Among Artifact Dance Project’s hallmarks is collaboration with local musicians, composers, performing arts groups and visual and film artists. And working with live music.

However, in recasting the story of David and Goliath for the upcoming “Goliath: A Story Retold” performance, Artifact co-founder Ashley Bowman turned to music neither live nor local, but composed, orchestrated and recorded by New York-based independent artist Zack Hemsey.

Hemsey’s “Goliath (Original Motion Picture Soundtrack to a Film That Doesn’t Exist)” doesn’t just underscore the tale Bowman wanted to tell. It prefigures it.

Bowman first discovered Hemsey’s music — he will be in Tucson for Goliath’s premiere — when Artifact began collaboration on a film, “Seven Deadly Sins,” with director Cylan William Shaffer, who had been appointed Artifact’s resident film artist. The trailer for the film, which sold out at the Loft Cinema for its one-night showing in 2016, was set to Hemsey’s “Mind Heist” (ditto the trailer for “Inception”), and Bowman began to follow him on Spotify.

Last spring, she listened to Hemsey’s newly released “Goliath,” an instrumental work in 27 titled sections. It immediately resonated with her.

“I clicked play and listened for like an hour,” she said. “I thought, ‘This is amazing.’ I flipped out and thought, ‘I have to do something with this.’ ”

So she did. With Hemsey’s blessing, she created a dance to “Goliath” — though there’s still no film, at least yet.

Hemsey’s score, powerful and alluring, rhythmically vibrant and by turns pounding and tender, is what a lot of musicians would call an instrumental tone poem with, as Hemsey put it in an email, “a narrative implied through the titles of each song.”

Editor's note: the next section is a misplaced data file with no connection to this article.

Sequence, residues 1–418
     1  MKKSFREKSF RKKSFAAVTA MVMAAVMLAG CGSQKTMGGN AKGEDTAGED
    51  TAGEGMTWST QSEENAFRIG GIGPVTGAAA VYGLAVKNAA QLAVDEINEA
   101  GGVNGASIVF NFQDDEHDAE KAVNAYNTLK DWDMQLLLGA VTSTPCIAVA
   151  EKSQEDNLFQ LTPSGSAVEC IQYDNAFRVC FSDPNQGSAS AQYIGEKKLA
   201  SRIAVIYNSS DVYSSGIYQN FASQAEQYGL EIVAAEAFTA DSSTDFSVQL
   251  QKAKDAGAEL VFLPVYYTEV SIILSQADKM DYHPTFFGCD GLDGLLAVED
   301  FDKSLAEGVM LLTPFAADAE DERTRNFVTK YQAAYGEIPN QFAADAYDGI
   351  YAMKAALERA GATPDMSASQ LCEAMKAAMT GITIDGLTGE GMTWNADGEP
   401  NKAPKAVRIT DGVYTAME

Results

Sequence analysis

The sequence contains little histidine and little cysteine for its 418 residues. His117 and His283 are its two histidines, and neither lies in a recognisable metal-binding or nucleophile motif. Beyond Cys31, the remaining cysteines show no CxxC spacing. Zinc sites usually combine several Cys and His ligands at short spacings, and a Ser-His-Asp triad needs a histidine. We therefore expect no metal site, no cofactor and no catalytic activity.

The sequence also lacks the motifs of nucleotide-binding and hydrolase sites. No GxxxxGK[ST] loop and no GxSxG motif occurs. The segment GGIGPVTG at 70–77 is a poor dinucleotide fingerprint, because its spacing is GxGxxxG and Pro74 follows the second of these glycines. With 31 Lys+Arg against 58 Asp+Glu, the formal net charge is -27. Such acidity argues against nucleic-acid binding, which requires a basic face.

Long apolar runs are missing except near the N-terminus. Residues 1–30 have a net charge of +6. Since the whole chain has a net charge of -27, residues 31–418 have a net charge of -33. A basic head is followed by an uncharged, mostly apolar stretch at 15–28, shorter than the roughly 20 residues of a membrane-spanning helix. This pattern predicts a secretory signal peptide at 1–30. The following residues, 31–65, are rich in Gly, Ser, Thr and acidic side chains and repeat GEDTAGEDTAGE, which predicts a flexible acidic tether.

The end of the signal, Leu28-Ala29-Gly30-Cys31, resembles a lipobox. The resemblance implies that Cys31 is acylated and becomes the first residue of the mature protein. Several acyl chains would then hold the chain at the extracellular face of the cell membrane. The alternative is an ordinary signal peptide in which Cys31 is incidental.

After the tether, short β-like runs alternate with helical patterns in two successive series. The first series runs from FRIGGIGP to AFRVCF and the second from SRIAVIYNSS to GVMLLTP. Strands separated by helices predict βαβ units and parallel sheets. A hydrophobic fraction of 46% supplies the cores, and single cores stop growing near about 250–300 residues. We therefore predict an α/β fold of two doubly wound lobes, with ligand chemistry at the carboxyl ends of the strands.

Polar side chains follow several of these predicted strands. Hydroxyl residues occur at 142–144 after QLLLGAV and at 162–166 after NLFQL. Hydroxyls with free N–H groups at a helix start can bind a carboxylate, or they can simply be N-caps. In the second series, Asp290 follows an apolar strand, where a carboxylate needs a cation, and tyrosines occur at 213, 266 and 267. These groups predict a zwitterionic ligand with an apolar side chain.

For Bowman, it was an a-ha moment: The story was what she had in mind, and the music spoke it.

Hemsey helped Bowman develop the storyline for “Goliath,” the dance. And he helped her with some of the original narration.

“ ‘Goliath’ is inspired by Zack’s album,” Bowman said.

Hemsey said, via email: “I create whatever music resonates with me at the time that I am creating it. I don’t give any thought to genre, style, or even whether people will like it … but fortunately some amount of people seem to regularly listen to it and enjoy it!

“When Ashley approached me about choreographing a dance piece around the music from ‘Goliath,’ I was very intrigued at the prospect. Not having a background in dance, I had no frame of reference to envision what that might look and feel like. But I like not knowing what to expect, and my sense of Ashley was that the music would be in very good hands.

“We discussed a few ways to approach the project philosophically. She could seek to tell the story as I originally envisioned it, tell the story as she interpreted it, or tell a new unrelated story inspired by the music. I encouraged her to proceed in whatever way creatively resonated with her the most, and in the end, Ashley ended up with a wonderfully unique story, one that has kindred elements with that of the original, but is distinctly its own.

“I’m very much looking forward to seeing it in person!”

The dance runs Thursday, March 21, through Sunday, March 24, at the Stevie Eller Dance Theatre.

Susan Isaacs Nisbett is a longtime journalist who writes extensively about dance and classical music.